Hooray for External Hard DrivesKim Boatman
No wonder freelance writer Perry P. Perkins of Wilsonville, Ore., says he’s paranoid about backing up his work.
“I’ve lost several works in progress twice now -- once to a hard drive melt-down and once from a laptop theft in a home burglary,” Perkins says. These days, Perkins finds peace of mind by copying all of his files to an external hard drive at the end of each work week, then locking the drive in his home safe.
An external hard dive can be a particularly helpful piece of equipment when it comes to both securing your important information, backing up the contents of your PC’s internal hard drive and keeping your computer running smoothly.
The benefits of using an external hard drive include:
Privacy. If you want to protect sensitive information from other family members using the same computer, you can store the files on an external drive.
Security. Like Perkins, most of us have files we can’t afford to lose. “It never hurts to have the extra security,’’ says Brett Jaffe, president of IT4, a Boston-based IT services company. “Multiple layers of back up for any data is the way to go.” In most cases, Jaffe says, backing up with an external hard drive is quite simple. For instance, the Maxtor OneTouch external hard drive allows you to simply hit a button to back up files after the initial installation of software, says Patrick Rhone, a Minneapolis area technology consultant.
Transporting data. If you need to move large files between a work and home computer, a thumb drive often doesn’t have the necessary capacity, says Rhone. External hard drives are still small enough to fit into a briefcase but offer enough storage to handle a significant amount of data.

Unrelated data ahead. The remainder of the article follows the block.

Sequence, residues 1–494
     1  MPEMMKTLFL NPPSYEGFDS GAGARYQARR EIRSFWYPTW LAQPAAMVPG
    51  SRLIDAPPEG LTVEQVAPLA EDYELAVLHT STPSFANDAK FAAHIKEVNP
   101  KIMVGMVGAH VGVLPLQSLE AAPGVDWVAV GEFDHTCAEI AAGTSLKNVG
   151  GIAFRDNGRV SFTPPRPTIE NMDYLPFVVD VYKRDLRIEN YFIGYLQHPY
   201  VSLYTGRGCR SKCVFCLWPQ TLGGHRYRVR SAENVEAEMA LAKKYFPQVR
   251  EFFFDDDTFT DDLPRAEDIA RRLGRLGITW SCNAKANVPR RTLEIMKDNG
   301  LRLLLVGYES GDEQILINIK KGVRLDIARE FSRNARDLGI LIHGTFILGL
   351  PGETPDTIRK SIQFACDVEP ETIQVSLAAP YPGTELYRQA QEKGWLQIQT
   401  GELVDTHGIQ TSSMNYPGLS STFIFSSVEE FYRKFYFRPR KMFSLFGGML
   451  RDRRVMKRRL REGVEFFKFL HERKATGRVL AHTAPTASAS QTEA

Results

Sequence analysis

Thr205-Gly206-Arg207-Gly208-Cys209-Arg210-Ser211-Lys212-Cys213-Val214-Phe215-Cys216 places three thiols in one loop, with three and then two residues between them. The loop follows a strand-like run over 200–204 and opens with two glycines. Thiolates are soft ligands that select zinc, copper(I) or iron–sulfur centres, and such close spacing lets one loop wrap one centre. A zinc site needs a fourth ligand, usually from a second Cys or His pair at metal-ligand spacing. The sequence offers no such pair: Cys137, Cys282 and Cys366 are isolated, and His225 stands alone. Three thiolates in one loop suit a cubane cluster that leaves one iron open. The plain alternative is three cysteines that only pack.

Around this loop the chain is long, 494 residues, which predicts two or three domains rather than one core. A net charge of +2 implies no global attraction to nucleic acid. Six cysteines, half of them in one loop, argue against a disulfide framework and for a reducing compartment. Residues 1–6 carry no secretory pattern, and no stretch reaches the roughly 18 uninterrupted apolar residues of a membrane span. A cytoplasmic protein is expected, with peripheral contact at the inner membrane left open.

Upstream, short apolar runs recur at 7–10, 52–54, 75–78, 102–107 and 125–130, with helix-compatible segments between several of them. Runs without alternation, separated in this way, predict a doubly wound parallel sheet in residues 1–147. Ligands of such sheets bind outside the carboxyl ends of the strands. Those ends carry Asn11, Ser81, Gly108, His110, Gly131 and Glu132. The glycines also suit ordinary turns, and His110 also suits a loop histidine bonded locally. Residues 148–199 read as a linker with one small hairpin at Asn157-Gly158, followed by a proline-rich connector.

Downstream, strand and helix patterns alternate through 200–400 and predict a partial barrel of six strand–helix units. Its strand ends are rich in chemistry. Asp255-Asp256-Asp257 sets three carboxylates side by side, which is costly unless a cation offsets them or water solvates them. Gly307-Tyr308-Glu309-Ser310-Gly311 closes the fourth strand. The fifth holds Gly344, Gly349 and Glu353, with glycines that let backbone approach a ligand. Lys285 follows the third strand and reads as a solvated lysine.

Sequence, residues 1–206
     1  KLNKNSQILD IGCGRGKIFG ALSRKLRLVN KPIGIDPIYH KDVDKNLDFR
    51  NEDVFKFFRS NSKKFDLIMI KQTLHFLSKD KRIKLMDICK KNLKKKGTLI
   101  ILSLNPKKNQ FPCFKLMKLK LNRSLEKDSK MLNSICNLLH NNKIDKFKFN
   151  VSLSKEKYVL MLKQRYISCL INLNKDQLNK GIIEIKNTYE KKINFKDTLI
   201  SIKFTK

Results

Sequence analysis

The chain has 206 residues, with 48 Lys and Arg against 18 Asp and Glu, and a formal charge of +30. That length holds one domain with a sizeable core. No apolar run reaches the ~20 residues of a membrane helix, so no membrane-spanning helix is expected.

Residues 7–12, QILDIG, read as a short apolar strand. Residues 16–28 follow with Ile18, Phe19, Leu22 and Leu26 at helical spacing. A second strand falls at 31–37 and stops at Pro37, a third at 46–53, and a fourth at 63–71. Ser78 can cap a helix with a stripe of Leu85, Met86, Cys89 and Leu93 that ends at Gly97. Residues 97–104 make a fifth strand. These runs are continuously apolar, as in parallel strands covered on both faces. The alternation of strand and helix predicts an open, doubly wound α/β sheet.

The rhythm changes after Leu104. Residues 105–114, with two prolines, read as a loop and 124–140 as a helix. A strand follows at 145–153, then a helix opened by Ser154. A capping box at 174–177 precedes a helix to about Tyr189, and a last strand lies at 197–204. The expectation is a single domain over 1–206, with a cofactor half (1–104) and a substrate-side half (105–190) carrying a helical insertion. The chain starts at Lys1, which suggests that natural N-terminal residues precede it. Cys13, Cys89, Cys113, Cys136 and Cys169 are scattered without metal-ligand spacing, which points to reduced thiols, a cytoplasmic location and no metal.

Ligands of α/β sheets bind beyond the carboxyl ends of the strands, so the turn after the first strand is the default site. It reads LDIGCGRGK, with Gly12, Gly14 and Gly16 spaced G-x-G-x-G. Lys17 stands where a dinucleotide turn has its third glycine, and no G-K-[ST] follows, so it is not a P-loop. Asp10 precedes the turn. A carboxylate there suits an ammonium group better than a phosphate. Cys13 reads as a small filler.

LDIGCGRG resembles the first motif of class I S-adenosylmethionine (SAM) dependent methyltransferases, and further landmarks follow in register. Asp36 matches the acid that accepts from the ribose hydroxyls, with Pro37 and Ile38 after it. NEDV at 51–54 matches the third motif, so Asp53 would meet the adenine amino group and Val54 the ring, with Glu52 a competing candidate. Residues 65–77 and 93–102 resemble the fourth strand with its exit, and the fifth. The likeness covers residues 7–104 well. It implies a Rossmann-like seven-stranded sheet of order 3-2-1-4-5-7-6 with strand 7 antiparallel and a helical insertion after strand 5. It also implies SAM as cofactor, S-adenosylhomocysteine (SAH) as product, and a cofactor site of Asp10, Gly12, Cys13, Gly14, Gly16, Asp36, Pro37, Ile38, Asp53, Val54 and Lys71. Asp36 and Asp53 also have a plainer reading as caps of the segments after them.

Additional storage. As multimedia functions become more prevalent, our need for storage on our PCs expands, points out Rhone. “Buying an external hard drive saves you from having to go through the cost and hassle of upgrading that internal hard drive,’’ he says. Storing files on an external drive also can keep your computer from operating sluggishly.
What to look for in an external hard drive
External hard drives are both affordable and consumer-friendly. Expect to pay between $100 and $200 for a quality external hard drive. “Stick with a major drive manufacturer,’’ advises Rhone. “Oftentimes, third-party manufacturers use inferior components and make inferior drives. Most major manufacturers offer three-year warranties on the drive itself. It’s good protection. Just in case something happens with a drive failure, you’d be able to get it replaced.”
A good rule of thumb is to buy an external hard drive with more storage capacity than your PC possesses. “I always recommend getting as much as you can afford and as large as they make,’’ says Rhone. A large external hard drive will allow you to store multiple versions of your internal hard drive’s contents, not just the latest image.
How to protect your files
The good news is external hard drives are designed for ease of use, says Jaffe. In most cases, you simply plug an external hard drive into a USB slot on your computer. Perkins creates folders on the external hard drive with the date, so he can track the latest versions of his files. Moving files from your PC to the external drive is a matter of copying and pasting or dragging and dropping data.
Think of an external hard drive as another tool in protecting information you’d hate to lose, says Rhone. But also consider adding other backups, such as an online service, as well, he advises. “What I see increasingly is a trend toward making backup in general really super easy,’’ Rhone says. “An external drive should certainly be used for backup purposes for things that live on your hard drive. If you have just one copy of one thing anywhere, you risk the chance of losing it.”
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